We can all agree the human brain is one of the most fascinating organs. The three-pound, jelly-like mass has as many neurons as there are stars in the milky way and consumes 20% of the body’s energy. It’s the command center of the body and is what makes it possible to carry out all of our daily functions.
However. It’s not perfect.
Out of all the incredible things our brain can do, its No. 1 function is to keep us alive. And that means it’s constantly looking for and responding to anything it perceives as a threat to our survival. Way back in the caveman days, threats were pretty straightforward — animals, weather and the occasional interaction with another caveman. The process to deal with it was just as simple: Your brain looked for emotional cues to decide if the situation was pleasant, unpleasant or neutral and initiated an action to either approach, avoid or ignore it.
It makes sense, even today. If you ran into a bear, your emotional response would be fear, which would signal your brain the situation is unpleasant and you need to avoid it somehow. Your brain’s response would then be to prepare your body to either act against the threat or escape through a raised heart rate (more blood to the muscles and brain), rapid breathing (more oxygen to your body) and shutting down certain bodily functions (to preserve energy and remain focused on the task at hand).
But what about when a car cuts you off in traffic? Or your mother-in-law critiques your parenting? Or you find out skinny jeans are under attack?
Chances are, your pulse starts to race, you breathe a little faster and suddenly that’s all you can think about… sound familiar? That’s because as we evolved, our brains kept the same tried-and-true process despite our lives becoming more socially complex — meaning our brain can’t always differentiate between actual physical threats and emotional reactions.
Introducing Emotional Hijacking
To explain emotional hijacking, there are two key players you should know: the amygdala (the emotional processor) and the prefrontal cortex (the thinker).
During an emotional hijack, your amygdala shuts down your prefrontal cortex’s normal reasoning process in order to take over a certain situation. As harsh as the word hijack is, it’s not all bad. In an emergency like the bear situation we mentioned above, you wouldn’t want your brain spending time analyzing all of the ways you could react to the bear and presenting an argument for the most logical solution. You’d need to act quickly, which is why your amygdala takes over and activates your fight-or-flight response.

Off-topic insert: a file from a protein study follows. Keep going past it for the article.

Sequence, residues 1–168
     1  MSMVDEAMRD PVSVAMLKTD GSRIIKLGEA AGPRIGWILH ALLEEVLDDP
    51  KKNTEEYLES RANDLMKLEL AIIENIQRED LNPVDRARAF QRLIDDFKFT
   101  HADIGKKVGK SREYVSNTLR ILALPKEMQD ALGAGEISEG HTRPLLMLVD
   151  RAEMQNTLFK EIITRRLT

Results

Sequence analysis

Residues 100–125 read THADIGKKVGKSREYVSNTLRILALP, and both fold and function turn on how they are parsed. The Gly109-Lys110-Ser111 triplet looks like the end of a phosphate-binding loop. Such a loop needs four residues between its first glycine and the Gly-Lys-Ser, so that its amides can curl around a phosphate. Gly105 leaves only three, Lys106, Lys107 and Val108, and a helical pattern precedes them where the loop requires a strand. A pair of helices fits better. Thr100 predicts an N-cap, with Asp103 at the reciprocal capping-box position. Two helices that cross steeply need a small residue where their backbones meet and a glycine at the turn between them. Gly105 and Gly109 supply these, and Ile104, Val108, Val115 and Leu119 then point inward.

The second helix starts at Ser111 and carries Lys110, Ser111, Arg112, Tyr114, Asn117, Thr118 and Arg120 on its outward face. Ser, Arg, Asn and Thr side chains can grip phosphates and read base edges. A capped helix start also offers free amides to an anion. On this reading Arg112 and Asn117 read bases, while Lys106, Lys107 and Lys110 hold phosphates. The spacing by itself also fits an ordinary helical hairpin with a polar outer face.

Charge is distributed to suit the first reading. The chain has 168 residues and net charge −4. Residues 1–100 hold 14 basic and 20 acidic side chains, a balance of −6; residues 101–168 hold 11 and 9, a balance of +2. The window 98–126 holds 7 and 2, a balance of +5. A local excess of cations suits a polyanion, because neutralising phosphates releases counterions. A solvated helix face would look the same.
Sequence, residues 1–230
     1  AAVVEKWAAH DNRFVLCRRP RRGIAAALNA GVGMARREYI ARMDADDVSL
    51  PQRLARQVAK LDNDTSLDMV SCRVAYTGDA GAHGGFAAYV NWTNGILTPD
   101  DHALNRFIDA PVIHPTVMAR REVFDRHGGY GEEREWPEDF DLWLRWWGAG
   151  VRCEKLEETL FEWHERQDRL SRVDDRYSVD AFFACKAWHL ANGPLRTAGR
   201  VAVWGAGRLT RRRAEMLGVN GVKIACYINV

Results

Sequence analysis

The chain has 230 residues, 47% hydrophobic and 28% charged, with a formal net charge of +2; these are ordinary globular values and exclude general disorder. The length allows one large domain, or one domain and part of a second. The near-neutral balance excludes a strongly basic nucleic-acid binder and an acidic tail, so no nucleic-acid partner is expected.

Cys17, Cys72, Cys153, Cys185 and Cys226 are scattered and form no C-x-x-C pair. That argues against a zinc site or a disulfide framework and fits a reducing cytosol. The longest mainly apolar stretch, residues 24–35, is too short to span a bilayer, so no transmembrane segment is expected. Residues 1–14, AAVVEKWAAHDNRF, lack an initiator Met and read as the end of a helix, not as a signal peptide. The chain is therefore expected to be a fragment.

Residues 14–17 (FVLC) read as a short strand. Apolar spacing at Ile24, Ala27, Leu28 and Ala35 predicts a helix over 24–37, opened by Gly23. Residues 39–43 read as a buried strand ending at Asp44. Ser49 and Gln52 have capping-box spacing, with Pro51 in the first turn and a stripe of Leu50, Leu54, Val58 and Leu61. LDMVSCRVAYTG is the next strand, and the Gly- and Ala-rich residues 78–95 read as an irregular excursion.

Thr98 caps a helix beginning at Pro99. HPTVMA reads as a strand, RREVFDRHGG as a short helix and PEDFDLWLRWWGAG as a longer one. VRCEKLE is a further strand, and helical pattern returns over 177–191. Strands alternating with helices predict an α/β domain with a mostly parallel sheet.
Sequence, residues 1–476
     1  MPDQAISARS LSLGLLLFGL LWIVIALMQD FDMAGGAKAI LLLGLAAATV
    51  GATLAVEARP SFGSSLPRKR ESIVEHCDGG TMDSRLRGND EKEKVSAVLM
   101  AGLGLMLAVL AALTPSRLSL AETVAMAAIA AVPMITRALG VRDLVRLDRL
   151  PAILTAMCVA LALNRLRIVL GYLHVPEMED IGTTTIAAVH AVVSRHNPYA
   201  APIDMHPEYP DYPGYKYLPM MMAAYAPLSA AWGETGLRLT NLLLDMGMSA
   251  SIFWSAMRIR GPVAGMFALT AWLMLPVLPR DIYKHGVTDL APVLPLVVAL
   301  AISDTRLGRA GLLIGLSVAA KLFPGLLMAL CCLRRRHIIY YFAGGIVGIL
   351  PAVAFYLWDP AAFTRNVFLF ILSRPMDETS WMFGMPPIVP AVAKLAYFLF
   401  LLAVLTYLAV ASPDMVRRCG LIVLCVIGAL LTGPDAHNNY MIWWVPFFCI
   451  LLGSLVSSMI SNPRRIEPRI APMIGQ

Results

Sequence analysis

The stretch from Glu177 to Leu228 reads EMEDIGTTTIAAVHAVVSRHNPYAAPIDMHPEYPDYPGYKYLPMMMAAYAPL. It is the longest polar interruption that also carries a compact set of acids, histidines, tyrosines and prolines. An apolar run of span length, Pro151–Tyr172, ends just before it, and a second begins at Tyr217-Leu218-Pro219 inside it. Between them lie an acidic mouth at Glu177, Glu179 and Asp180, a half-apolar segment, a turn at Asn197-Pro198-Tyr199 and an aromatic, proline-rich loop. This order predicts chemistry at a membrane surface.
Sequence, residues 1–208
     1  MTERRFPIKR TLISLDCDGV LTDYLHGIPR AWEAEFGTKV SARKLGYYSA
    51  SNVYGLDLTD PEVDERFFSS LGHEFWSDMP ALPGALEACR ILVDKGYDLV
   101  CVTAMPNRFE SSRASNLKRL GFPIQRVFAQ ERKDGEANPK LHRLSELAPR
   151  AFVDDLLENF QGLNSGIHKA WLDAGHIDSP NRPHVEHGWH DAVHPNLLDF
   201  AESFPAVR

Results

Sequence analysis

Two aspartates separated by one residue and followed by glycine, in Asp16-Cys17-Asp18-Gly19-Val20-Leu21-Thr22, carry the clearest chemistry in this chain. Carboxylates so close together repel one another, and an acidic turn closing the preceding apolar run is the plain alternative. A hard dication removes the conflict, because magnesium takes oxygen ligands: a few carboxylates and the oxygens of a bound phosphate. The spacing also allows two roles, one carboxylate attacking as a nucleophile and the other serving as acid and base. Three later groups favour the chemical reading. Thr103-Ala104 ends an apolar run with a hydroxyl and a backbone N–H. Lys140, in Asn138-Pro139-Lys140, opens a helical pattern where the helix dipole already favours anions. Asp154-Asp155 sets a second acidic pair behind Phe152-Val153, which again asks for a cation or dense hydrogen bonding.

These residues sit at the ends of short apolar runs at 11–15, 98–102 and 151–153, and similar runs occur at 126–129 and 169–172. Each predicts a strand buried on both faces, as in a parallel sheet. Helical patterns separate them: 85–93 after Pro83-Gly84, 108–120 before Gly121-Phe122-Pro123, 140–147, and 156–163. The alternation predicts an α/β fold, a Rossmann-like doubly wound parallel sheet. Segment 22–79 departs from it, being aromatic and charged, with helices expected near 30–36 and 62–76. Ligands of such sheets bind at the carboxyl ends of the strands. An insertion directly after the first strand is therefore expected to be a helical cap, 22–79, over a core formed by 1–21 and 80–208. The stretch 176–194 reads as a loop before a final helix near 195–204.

The tricky part is when your amygdala tries to take over in non-emergency situations. During an emotional hijack, our thinking brain gets paralyzed, which means our IQ drops, we lose the ability to make complex decisions, we no longer see other perspectives and our memory becomes compromised — Not the most helpful scenario in social settings.
Hacks to Avoid the Hijack
Even though our fight-or-flight response has been ingrained in us through years and years of evolution, it is possible to turn it off. Here are four simple brain hacks you can use to put the emotions on pause and get you back to logic and reasoning:
Hack #1 — Name the Emotion
The simple act of recognizing and naming what we’re feeling is enough to shift us back into our thinking brain because it requires us to pause, analyze and use language — all skills of the prefrontal cortex. Just saying “I am so mad,” is enough to make the feeling less intense and bring you back to a more rational mindset.
Hack #2 — Change the Setting
Similar to naming your emotions, by getting up to move around, you automatically start to consider your surroundings, which reactivates the thinking parts of your brain that got shut down.
Hack #3 — Do a Quick Math Problem
Taking counting to 10 one step further, doing a simple math problem in your head not only requires you to jumpstart your rational thinking, it can also momentarily distract you from the issue causing your emotional response.
Hack #4 — Share the Mental Load
In a study about social support, researchers found that if a person hikes up a hill with another person, they perceive the hill to be less steep than when hiked alone. The same can happen with emotions. When we share our feelings with a trusted friend or partner, we can actually split the mental load in half and help our brain to feel less threatened.